Saturday, May 23, 2009

Growing biofuel without razing the rainforest can't cultivate biofuel crops without cutting down trees, right? Not so, says Marcos Buckeridge, who tells Jan Rocha how Brazil can supply the world with green ethanol

Your aim is for Brazil to produce sustainable biofuel while preserving its rainforests. Isn't that close to having your cake and eating it?

It's true that those of us who think like this are in a minority, caught between those who don't worry about the environmental costs of bioethanol and those who claim it is impossible to produce biofuels sustainably. The answer to those who condemn all biofuels has to be to differentiate where these fuels are being produced: we must ensure that Brazil's biofuel is green and sustainable.

How do you do make it sustainable?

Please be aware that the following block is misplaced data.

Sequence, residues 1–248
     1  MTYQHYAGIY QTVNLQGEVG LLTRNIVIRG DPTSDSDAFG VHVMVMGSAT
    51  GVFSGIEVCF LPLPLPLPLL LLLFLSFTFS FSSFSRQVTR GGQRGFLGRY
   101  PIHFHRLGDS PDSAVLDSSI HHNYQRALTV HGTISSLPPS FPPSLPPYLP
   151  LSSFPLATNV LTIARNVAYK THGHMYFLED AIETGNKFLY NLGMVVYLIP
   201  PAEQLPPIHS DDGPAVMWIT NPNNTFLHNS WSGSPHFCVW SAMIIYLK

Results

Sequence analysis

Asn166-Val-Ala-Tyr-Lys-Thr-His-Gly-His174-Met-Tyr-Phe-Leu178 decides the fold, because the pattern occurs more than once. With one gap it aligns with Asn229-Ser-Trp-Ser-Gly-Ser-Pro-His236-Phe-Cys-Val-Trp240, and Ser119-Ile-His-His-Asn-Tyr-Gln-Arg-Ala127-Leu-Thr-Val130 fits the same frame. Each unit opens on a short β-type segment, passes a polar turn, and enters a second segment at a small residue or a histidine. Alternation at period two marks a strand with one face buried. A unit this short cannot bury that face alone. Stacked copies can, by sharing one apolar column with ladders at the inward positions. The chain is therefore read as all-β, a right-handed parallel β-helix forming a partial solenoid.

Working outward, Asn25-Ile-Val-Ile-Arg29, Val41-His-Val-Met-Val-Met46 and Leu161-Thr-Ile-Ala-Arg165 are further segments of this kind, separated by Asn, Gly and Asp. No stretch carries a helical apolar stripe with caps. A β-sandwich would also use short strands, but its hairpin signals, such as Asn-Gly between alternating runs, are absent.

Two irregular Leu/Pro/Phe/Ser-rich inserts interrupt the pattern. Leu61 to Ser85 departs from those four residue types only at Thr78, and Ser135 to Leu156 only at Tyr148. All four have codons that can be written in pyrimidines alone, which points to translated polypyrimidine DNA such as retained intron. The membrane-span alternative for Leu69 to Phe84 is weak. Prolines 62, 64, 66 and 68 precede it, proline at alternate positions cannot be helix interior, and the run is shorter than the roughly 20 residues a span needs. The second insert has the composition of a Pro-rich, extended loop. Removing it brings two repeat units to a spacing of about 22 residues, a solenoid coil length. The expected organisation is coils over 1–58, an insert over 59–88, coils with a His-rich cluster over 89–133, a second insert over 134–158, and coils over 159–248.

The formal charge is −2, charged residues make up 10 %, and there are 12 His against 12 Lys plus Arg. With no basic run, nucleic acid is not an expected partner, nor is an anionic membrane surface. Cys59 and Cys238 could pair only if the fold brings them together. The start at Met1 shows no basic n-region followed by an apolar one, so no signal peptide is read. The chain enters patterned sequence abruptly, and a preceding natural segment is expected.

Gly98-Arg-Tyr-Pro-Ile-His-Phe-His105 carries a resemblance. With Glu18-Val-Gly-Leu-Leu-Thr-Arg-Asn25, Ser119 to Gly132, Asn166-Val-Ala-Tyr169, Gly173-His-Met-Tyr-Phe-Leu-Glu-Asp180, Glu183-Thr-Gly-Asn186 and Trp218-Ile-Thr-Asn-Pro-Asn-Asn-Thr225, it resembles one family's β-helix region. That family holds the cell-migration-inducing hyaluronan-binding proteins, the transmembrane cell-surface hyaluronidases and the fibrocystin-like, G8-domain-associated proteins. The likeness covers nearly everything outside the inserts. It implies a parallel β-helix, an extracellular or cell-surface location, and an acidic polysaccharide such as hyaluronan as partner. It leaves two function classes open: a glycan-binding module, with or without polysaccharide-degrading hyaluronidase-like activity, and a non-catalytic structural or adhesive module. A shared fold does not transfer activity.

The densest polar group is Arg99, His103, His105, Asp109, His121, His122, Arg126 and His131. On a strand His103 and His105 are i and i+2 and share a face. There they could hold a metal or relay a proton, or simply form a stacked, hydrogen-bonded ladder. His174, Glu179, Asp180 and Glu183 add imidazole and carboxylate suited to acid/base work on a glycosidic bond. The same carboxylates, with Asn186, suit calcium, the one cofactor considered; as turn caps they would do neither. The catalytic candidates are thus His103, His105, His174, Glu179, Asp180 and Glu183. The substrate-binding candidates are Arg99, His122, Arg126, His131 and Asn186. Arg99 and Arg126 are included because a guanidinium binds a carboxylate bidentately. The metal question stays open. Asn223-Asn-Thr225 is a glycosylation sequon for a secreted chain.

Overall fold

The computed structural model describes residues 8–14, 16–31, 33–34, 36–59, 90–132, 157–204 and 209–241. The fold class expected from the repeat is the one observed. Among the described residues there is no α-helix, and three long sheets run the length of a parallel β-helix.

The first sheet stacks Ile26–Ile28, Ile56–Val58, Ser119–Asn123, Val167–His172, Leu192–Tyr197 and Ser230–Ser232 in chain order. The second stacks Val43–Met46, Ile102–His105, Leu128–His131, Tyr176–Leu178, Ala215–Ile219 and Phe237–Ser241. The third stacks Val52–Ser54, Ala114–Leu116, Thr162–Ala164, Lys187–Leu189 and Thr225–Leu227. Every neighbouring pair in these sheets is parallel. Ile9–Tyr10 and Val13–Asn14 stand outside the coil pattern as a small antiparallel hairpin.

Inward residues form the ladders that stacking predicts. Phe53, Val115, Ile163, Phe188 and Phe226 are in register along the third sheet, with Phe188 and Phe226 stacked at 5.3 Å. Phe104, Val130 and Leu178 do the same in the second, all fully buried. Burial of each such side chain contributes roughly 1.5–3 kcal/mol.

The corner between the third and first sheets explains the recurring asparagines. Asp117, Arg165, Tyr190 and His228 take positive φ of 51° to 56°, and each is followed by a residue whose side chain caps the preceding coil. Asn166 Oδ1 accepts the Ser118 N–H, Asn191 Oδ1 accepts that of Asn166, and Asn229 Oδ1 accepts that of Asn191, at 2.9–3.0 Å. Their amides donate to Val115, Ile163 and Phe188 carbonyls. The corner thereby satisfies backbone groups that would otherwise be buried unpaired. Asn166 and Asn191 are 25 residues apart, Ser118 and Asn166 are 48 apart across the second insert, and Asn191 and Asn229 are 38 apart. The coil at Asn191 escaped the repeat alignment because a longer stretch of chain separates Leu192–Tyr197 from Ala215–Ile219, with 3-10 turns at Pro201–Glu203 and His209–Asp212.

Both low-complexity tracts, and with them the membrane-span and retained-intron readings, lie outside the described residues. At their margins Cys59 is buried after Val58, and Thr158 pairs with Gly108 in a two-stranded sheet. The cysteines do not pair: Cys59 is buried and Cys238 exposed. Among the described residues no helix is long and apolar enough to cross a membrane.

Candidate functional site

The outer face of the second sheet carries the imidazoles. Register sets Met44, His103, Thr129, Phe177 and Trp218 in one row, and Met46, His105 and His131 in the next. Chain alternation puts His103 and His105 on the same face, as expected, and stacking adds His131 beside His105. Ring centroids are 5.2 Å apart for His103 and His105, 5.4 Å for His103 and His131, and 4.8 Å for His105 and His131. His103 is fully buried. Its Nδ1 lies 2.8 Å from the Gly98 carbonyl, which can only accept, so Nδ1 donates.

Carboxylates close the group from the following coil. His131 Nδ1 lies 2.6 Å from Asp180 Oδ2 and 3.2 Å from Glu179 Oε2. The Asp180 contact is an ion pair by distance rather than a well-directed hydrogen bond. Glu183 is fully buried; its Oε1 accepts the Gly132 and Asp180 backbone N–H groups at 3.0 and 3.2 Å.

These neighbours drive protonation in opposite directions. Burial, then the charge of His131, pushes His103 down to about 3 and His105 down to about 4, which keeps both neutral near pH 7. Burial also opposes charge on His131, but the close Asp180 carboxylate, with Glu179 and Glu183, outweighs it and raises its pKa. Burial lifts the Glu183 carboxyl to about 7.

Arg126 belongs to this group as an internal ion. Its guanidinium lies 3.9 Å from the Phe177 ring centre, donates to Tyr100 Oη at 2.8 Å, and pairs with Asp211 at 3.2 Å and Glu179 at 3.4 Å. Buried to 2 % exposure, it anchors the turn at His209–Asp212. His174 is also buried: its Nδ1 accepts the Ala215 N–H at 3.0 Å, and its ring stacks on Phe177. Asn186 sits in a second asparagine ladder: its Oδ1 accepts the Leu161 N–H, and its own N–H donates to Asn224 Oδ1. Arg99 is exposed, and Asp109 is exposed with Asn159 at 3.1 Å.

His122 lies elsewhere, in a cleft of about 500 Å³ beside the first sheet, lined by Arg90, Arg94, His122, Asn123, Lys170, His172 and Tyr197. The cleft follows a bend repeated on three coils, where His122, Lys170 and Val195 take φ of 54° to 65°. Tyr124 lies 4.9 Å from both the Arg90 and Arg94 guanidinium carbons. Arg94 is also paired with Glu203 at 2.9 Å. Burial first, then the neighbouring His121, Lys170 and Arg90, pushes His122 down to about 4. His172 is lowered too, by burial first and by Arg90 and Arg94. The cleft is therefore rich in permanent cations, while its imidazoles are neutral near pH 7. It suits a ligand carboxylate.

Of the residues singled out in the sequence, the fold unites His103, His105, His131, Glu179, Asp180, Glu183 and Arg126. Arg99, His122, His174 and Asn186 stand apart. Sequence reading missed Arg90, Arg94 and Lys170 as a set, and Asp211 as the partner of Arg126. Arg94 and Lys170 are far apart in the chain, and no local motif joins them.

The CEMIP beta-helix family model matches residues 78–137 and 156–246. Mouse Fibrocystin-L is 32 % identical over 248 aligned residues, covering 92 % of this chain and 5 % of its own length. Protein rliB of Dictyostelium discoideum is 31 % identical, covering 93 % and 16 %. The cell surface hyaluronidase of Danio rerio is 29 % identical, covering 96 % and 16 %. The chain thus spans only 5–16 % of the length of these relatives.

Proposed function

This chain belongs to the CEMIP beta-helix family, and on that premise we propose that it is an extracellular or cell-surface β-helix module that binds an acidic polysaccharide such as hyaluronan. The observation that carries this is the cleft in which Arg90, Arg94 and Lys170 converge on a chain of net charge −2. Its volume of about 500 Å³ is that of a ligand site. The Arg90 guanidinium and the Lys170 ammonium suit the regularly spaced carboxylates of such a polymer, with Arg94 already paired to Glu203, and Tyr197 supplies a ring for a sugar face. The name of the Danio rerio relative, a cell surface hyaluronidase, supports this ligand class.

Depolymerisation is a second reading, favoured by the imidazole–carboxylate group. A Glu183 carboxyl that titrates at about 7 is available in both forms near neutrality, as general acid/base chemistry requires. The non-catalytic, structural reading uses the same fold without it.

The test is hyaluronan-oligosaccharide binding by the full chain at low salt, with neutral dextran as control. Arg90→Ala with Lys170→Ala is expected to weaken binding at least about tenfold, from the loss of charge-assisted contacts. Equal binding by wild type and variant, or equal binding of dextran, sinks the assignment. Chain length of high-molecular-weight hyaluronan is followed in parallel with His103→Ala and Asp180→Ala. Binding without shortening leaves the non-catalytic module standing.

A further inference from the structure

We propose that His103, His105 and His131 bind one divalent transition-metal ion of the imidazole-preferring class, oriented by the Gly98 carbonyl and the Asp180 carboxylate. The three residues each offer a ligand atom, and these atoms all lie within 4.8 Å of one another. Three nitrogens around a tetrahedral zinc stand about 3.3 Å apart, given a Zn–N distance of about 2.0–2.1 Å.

A few years ago, when the search for fossil fuel replacements became more urgent, Brazil rediscovered the sugar cane ethanol programme it put into place in the 1970s because of the oil crisis. Back then, nobody worried about sustainability. Now we have to show why Brazil's sugar cane ethanol is different from America's maize ethanol. It is unfair to lump the two together. Our bioethanol is produced by using less than 1 per cent of Brazil's total agricultural area. It does not destroy preserved areas or compete for land with food crops. In fact, Brazilian food production should increase in the next five years. People fear sugar cane will be planted in the Amazon rainforest, but it is too humid for sugar cane there. We want to supply the world with green ethanol without cutting down a single tree. That's the challenge. …

Growing biofuel without razing the rainforest

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